August 8, 2019

Handling Emergencies (at Work)

Editors Note: Everyday, engineers are usually expected to handle a gazillion emergencies; system is down, urgent meetings, bug fixes, messages are all over the place, you name it! It can become overwhelming dealing with all this at once. Productivity Expert, Alexis Haselberger lays down some ground rules to regain calmness at work.

One question I get asked quite frequently is some version of: “My day is filled with emergencies. How can I handle them, AND get my other priorities handled?” or simply “How do I handle it when my day is filled with emergencies??”

Now, let’s be clear that the people asking me these questions are not typically emergency room doctors, or first responders. So, let’s take a step back and recognize that perhaps the word “emergency” is a little overkill for most of us in our jobs. (But also, let’s be compassionate with ourselves and recognize that if we don’t have a plan for how to handle the unexpected, these things certainly can feel like emergencies.)

These emergencies (real or perceived) are one HUGE factor that can lead to things still being unfinished at the end of the day and add to our sense of stress.

The first thing I’ll say here is if you are using a system for your tasks (whatever than means to you: an app, a spreadsheet, a bullet journal, etc.) and you are prioritizing it appropriately, then you are very rarely, if ever, going to be experiencing a self-imposed emergency. (You know the kind I’m talking about. You’re chatting with your colleague in the kitchen and then suddenly you remember that you have to get back to that client with a proposal today, in an hour!)

So, let’s assume that we don’t have self-imposed, memory-related, emergencies anymore. (And if you’re not quite there yet, let’s chat.)

Now what are we dealing with?

We’re typically dealing with things that seem urgent, or are expressed as urgent. Maybe they are coming from your boss, or a colleague, or a client.

In all of these cases, what we perceive as emergencies often aren’t. Email, text and Slack are terrible ways to identify tone, and people also often don’t include a time-frame in their written requests, which can make requests seem urgent, even when they are not.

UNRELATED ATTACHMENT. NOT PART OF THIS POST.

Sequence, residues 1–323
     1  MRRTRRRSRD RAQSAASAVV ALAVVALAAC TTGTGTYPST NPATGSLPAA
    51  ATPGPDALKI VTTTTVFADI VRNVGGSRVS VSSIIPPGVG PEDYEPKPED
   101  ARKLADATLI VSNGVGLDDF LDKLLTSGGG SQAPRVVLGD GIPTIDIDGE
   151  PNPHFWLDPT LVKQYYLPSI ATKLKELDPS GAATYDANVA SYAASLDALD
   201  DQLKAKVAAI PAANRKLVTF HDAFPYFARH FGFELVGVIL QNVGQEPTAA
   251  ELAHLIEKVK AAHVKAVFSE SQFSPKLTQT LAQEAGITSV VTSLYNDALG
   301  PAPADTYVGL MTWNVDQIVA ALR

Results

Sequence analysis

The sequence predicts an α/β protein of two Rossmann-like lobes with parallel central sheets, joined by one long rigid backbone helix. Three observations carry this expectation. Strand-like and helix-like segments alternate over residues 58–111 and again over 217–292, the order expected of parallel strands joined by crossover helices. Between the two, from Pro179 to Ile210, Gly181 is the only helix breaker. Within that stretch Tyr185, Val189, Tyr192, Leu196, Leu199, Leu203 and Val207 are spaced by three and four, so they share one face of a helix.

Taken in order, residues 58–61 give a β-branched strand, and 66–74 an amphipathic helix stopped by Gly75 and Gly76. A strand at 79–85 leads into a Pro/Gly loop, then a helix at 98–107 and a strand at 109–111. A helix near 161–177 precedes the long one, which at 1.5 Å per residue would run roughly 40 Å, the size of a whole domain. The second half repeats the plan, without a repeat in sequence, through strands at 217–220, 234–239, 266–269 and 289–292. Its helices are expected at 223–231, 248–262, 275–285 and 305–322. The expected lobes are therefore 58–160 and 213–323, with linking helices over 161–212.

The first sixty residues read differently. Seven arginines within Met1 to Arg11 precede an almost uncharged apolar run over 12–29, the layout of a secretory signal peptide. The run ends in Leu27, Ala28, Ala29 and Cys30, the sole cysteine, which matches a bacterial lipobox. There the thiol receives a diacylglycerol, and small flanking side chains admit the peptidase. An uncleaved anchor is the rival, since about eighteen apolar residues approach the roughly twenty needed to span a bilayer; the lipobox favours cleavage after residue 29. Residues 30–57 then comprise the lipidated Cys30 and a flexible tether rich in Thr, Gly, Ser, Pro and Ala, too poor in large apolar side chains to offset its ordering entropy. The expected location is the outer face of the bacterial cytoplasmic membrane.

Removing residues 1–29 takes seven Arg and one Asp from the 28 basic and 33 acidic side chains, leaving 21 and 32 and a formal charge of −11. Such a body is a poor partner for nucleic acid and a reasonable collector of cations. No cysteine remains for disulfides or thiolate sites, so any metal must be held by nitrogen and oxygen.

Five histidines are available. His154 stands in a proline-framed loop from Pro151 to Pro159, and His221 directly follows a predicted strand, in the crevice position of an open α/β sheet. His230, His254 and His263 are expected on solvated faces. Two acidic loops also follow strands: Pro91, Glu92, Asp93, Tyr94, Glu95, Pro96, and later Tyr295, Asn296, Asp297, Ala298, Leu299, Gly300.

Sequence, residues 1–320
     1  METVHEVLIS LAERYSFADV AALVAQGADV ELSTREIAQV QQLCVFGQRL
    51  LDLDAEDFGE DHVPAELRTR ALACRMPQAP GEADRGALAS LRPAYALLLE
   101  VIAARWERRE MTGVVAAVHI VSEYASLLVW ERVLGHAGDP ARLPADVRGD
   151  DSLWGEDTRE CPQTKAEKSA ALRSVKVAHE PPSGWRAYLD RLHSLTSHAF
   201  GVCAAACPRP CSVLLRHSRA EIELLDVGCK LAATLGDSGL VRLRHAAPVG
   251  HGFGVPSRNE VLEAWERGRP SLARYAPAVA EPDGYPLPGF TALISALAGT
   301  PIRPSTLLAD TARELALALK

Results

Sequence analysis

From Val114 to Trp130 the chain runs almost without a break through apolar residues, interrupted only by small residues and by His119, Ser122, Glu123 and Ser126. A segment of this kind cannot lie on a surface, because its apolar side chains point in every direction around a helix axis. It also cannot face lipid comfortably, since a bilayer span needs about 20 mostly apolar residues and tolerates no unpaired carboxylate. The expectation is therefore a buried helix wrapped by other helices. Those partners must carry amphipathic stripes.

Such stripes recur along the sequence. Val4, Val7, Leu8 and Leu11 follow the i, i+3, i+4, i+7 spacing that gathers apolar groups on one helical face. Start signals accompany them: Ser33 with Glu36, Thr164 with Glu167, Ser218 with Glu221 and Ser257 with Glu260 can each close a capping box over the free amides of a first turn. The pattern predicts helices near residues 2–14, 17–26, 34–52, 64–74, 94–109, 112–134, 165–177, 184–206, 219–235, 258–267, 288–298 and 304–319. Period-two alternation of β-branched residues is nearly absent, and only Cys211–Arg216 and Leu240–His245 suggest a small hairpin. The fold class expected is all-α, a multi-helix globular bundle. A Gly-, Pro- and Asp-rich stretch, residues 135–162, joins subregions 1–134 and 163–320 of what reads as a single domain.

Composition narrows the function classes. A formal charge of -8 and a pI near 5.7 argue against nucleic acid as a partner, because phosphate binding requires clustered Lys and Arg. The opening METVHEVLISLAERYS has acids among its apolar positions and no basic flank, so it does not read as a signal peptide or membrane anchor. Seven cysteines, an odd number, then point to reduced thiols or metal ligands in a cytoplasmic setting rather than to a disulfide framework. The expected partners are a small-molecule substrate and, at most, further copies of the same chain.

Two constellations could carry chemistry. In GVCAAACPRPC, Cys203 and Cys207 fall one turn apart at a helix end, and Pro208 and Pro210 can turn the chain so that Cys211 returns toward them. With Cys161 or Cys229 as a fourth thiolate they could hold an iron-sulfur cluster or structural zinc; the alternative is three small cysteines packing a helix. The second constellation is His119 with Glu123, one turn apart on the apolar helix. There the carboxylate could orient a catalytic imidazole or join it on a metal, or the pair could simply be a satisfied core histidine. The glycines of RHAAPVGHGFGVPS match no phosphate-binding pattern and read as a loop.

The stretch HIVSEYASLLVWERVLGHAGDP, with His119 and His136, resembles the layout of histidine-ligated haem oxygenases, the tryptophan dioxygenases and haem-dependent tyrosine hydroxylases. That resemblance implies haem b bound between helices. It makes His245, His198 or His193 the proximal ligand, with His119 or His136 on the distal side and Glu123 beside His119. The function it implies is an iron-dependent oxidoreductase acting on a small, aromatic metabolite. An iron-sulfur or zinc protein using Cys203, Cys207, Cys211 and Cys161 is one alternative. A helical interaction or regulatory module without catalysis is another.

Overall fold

So, the first thing to do is to check on the timeline of the request. Your response can be as simple as “Got it. When do you need this by?” Or you can take it a step farther and say, “Got it. I should be able to get this to you by Thursday. Will that timing work for you?” Most of the time, you’ll find that you have a lot more time than you thought, and you’ll be able to prioritize the task appropriately. “Emergency” resolved!

Now, there are cases when the response will be “I need it in an hour, sorry.” or “I need it this afternoon”. And in that case, you’re going to do one of 3 things:

  1. If you’ve already completed all your must-do tasks for the day or if it’s for a client, then you are just going to do it, because it has become a brand new must-do for today, and everything else on your list can be pushed if necessary.
  2. If you’ve still got must-dos on your list and you think you can fit this one in too, then do it.
  3. If the person who is asking is a colleague or your boss, you might have a bit more leeway to push back than you think. And you can say something like “I understand that you need this urgently, and I have X, Y and Z on my plate that must be done today. Given the time constraints, I’m wondering if you think it makes sense to prioritize this over X, Y and Z, or if there might be someone else who could handle this today. I’m open to either option, but I just wanted you to have the full picture and to make sure we’re on the same page about what will be delayed if I do this.

So, now you have an action plan for how to handle these emergencies. And maybe we can reduce our stress levels just a bit by no longer thinking of these unexpected issues or requests as emergencies because we’ve now planned for them.

Originally published on